Banc d’Arguin National Park (World Heritage)

Banc d’Arguin National Park (World Heritage)

The approximately 180 km long national park on the West African coast is a flat water and mudflat area with mangroves, dunes and swamp areas. It is the habitat of a diverse flora and fauna and one of the most bird-rich regions in the world. The largest seabird breeding colony in West Africa has its home in the national park. At the same time, the area serves as a resting place for northern European and Siberian waders.

Banc d’Arguin National Park: facts

Official title: Banc d’Arguin National Park
Natural monument: 180 km long strip on the Mauritanian Atlantic coast with sandbanks, shallow water zones, bush and grass steppes as well as seagrass silt areas; also Île de Tidra (280 km²) and Île d’Arguin, total area: 12,000 km², national park since 1978, since 1982 as wetlands of international importance under the protection of the Ramsar Convention
Continent: Africa
Country: Mauritania
Location: between Cap Timiris and Pointe Minou, south-southeast of Nouadhibou, north of Nouakchott
Appointment: 1989
Meaning: internationally important resting place for northern European and Siberian waders; largest seabird breeding colony in West Africa
Flora and fauna: Plant species such as Salicornia senegalensis, Stipagrostis pungens, Euphorbia balsamifera, but also Acacia raddiana and Cassia italica, 310 km² mangrove forest; An estimated 7 million waders migrate in the national park, 30% of them breeding there, occurrence of red knot, common woodcock, lapwing plover, dunlin, redshank, coastal heron, nesting place for more than 12,000 pink pelicans and over 50,000 king terns as well as yellow-billed pygmy shots; Presence of green turtles and hawksbill turtles, Cameroon river dolphins and bottlenose dolphins, as well as Dorcas gazelle, jackal, fennec and hyena

With the knutt to the Mauritanian sandbanks

On the way from their breeding grounds to their wintering areas, it is not only Knutts who achieve record-breaking achievements; some of the feathered creatures have to travel more than 4000 kilometers to find their winter quarters. Without sufficient energy reserves, this would be impossible. Some migratory birds in Northern Europe double their body weight while they are guests in the Wadden Sea. Well-equipped, redshank, curlew and curlew finally leave our latitudes in late summer and set off on their way to the coasts of West Africa.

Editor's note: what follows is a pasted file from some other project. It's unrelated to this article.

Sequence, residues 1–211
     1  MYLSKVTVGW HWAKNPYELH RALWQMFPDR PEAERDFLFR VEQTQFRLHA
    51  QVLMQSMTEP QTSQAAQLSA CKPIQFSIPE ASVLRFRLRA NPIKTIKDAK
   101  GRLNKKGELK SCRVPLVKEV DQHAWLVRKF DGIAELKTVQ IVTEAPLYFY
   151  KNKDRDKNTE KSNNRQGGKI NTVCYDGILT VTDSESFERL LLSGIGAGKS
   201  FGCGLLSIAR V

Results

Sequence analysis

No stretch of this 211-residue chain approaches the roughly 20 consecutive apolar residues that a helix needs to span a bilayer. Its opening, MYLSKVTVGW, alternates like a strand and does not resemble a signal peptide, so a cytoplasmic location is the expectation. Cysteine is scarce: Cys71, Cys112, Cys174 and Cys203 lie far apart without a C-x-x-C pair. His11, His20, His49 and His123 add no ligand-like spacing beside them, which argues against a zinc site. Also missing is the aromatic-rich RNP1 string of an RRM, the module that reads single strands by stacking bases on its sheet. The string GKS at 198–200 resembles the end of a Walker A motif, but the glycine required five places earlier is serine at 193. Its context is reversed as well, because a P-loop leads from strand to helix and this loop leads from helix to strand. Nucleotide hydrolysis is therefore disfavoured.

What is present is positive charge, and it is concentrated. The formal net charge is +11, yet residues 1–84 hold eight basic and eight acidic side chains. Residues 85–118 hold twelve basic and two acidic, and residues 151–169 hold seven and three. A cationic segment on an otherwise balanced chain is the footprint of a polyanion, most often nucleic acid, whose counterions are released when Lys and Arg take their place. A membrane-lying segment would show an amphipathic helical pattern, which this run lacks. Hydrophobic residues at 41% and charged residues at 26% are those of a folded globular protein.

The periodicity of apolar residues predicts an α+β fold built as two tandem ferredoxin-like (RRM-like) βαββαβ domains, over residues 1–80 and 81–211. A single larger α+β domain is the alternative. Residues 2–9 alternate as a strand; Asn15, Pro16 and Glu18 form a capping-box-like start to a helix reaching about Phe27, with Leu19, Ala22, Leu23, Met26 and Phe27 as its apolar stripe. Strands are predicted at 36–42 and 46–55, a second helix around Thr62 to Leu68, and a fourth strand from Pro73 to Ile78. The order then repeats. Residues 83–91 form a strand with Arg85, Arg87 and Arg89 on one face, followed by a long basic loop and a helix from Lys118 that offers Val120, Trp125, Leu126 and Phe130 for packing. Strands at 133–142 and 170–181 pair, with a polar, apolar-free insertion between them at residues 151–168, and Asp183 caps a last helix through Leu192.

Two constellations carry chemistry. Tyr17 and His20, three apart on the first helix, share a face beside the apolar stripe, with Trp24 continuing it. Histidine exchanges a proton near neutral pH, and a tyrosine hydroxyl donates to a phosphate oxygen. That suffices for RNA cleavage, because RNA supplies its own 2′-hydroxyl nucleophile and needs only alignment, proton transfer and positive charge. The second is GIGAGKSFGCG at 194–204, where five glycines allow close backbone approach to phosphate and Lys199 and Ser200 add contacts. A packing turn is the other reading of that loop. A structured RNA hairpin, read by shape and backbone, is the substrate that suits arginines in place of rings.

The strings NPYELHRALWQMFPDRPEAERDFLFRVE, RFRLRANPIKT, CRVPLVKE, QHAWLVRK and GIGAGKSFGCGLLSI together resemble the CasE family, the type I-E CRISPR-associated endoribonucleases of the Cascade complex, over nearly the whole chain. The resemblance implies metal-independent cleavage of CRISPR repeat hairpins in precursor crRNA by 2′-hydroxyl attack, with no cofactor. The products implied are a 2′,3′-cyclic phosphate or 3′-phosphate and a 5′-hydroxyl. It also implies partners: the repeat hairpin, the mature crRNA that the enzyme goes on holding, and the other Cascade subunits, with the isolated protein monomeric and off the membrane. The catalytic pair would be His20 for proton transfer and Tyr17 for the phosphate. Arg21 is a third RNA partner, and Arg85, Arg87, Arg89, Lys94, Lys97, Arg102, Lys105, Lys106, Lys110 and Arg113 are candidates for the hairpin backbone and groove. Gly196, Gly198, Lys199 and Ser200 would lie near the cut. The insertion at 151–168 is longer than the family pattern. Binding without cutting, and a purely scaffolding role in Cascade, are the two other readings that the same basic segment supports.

Already with the first rays of spring sun, the peace and quiet on the North Frisian Islands happened. The first stream of visitors from the mainland breaks in over the Schleswig-Holstein North Sea islands. Very few newcomers have a view of the salt marshes and mud flats, an important habitat for numerous waders and some species of geese. Hardly anyone thinks about the fact that the holiday islands of North Friesland with the surrounding tidal flats form a central stepping stone biotope for a host of birds whose breeding grounds are in the Scandinavian and Siberian tundras. On their long journeys, migratory birds don’t just fly from A to B – the routes are far too strenuous for that. Woodcock, lapwing ringed plover, Knutt and Dunlin rest between their breeding grounds and their winter quarters; without these “stepping stones” they would perish on their journey from north to south and south to north.

The holiday guests on the coasts of the North Sea islands are now also gradually decreasing. Gradually the harbingers of winter settle over the islands of the Wadden Sea. The first autumn storms sweep over the land protected by dykes and whip up the waves, which constantly break the coastal fringes. Soon Father Frost will be in touch too; in particularly harsh winters, the islands are tightly gripped by pack ice.

According to remzfamily, the Knutt has long since reached the western edge of the Sahara. Between Cap Blanc and Cap Timiris – on this side and on the other side of the Tropic of Cancer – there is no sign of hibernation or rigidity. Thousands of breeding pairs of different seabird species share the numerous bays, sandbanks and islands, some of which jut out of the sea as ocher-colored cliffs or are washed around by the tide like a baking tray, traversed by troughs and populated by salt-loving plants. Golden jackals roam the beach and have a feast, when they finally find a stranded sea bream. The wind blows away the sand of the dunes, and the omnipotence of the water carries away a finger-shaped sandbank piece by piece, in order to deposit the sand again elsewhere. The Knutts are now also romping on the coast of Mauritania. Here you can find remnants of the mangrove forest, where the mudskipper lives. Mollusks and crustaceans such as cone snails and fiddler crabs, but also worms and mussels, provide a rich food supply for the king terns that breed here, which have a striking black “head” and whose courtship can be observed in the national park. The pink pelicans, who have set up their “domicile” on the Île Arel and who each devour an average of three kilograms of fish a day during the breeding season, prefer “delicacies” of a completely different kind. They are not entirely without competition, as the fishermen living in the national park also hope for a rich catch. They move skillfully with their small sailing boats through the labyrinth of shallow water, creeks and islands and cast their nets.

Months go by, and soon it will be time again for Knutt and Dunlin to set off for the “breeding business” in the far north. And before the autumn storms announce the imminent winter, they move back over the islands of the North Frisian Wadden Sea to take a rest on their journey to the southern winter quarters. Without the Wadden Sea and the Banc d’Arguin, there would be no important habitats that are of great importance for bird migration.

Banc d'Arguin National Park (World Heritage)

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